Fall is a special time in the North Carolina Piedmont. As autumn colors begin to arrive, the rich history and architecture of Salisbury is showcased in Historic Salisbury Foundation's annual OctoberTour™of Historic Homes.
Visit private, historic buildings and experience Salisbury's charm in a few of its ten districts listed on the National Register of Historic Places. Trolley rides, living history encampments, food vendors, artists and musical entertainment make this one event you don't want to miss.
Mark your calendar for October 11 & 12, 2014 and plan your relaxing weekend getaway to historic Salisbury. For more details about OctoberTour™, visit the Tour website www.OctoberTour.com.
Salisbury combines a long, colorful history with a variety of preserved and reused historic buildings.
Founded in 1753, Salisbury was a frontier town that knew the great and near-great historic figures of early America. Daniel Boone started his wilderness journey from here in 1769. Andrew Jackson studied law in this town and was admitted to the bar here in 1787. George Washington stayed in Salisbury on his famous Southern Tour in 1791.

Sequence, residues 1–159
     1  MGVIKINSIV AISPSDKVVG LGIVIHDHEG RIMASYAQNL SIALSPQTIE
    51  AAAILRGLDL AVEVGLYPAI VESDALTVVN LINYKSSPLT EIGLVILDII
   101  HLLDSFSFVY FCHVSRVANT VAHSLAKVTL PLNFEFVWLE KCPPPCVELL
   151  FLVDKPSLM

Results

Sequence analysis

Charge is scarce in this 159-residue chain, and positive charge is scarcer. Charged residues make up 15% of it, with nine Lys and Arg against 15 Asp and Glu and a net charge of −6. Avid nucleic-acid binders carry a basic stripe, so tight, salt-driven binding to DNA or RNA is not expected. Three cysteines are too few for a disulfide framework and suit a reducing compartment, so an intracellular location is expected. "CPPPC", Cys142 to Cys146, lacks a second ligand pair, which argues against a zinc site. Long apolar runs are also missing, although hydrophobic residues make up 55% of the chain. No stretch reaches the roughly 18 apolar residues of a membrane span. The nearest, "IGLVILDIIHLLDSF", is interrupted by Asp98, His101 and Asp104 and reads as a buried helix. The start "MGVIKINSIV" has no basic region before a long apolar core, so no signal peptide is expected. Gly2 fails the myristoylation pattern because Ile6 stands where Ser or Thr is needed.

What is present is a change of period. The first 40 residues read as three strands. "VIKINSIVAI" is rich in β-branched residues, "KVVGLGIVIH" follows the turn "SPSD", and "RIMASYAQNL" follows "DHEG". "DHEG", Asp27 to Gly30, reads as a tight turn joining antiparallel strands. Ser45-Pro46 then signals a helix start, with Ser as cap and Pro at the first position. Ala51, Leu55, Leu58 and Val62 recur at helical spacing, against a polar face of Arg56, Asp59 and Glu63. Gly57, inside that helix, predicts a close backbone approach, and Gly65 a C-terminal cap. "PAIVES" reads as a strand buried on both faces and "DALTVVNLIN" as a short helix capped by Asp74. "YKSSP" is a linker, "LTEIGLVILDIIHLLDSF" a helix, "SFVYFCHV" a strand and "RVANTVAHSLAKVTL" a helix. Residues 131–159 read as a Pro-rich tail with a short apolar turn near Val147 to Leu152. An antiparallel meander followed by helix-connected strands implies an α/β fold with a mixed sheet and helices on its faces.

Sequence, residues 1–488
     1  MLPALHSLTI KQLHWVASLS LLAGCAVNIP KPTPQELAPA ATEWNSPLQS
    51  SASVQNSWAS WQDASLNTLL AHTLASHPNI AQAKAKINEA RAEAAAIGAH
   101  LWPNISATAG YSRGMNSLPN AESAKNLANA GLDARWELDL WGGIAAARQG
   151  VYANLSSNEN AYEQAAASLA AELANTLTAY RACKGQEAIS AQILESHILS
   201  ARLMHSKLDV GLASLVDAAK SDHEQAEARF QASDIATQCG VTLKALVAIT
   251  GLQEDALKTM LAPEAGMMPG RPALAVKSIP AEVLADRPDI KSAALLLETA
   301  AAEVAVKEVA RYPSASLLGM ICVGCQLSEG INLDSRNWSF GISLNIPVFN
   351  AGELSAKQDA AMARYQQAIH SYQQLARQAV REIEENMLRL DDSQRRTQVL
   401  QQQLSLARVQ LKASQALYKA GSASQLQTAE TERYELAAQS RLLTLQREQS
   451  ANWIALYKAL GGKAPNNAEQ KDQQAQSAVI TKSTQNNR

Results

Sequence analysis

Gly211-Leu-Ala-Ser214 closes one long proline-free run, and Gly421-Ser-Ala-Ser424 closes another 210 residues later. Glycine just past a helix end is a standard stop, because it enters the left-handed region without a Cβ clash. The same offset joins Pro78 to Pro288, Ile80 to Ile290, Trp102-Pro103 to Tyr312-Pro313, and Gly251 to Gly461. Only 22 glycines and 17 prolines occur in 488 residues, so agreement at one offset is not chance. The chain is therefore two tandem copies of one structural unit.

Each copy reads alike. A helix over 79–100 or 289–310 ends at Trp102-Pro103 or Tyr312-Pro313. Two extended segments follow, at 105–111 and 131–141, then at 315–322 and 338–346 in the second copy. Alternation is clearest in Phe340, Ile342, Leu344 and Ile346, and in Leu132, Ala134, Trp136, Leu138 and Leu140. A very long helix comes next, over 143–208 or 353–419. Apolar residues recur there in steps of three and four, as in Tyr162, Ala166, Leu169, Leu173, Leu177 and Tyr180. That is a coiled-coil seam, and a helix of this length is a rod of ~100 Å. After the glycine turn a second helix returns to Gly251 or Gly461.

During the War Between the States, a major Confederate prison was located here, and now a small national cemetery near the center of town is the resting place for soldiers from that war and later wars. With the establishment of the railroad in 1855, Salisbury became a mainline town that gradually attracted industry and grew as a governmental, judicial, and commercial center for this area of Piedmont North Carolina.
Currently, Salisbury has ten historic districts listed in the National Register of Historic Places, a total of 1,204 commercial, industrial, and residential buildings.
Salisbury is proud to have major buildings and elements of a southern town of a century or more earlier, including two courthouses (1855) (1912); the railroad passenger station (1908); an early theater (1915); church structures from 1828; the fire house (1896); the old post office (1913); a roller mill (1896); a lively commercial downtown with buildings largely intact from another era; and preserved older residential neighborhoods, several of which join the commercial downtown.